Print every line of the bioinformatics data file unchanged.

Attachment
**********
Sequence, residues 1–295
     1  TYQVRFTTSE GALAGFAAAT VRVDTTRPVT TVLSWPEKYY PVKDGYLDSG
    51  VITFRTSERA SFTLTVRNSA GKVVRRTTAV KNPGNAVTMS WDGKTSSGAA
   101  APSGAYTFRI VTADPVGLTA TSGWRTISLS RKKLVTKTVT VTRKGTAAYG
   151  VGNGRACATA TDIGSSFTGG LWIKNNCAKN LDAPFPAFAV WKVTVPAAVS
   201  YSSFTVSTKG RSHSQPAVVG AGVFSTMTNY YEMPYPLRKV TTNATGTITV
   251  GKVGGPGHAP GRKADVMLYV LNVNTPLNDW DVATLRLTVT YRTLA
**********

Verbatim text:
Sequence, residues 1–295
     1  TYQVRFTTSE GALAGFAAAT VRVDTTRPVT TVLSWPEKYY PVKDGYLDSG
    51  VITFRTSERA SFTLTVRNSA GKVVRRTTAV KNPGNAVTMS WDGKTSSGAA
   101  APSGAYTFRI VTADPVGLTA TSGWRTISLS RKKLVTKTVT VTRKGTAAYG
   151  VGNGRACATA TDIGSSFTGG LWIKNNCAKN LDAPFPAFAV WKVTVPAAVS
   201  YSSFTVSTKG RSHSQPAVVG AGVFSTMTNY YEMPYPLRKV TTNATGTITV
   251  GKVGGPGHAP GRKADVMLYV LNVNTPLNDW DVATLRLTVT YRTLA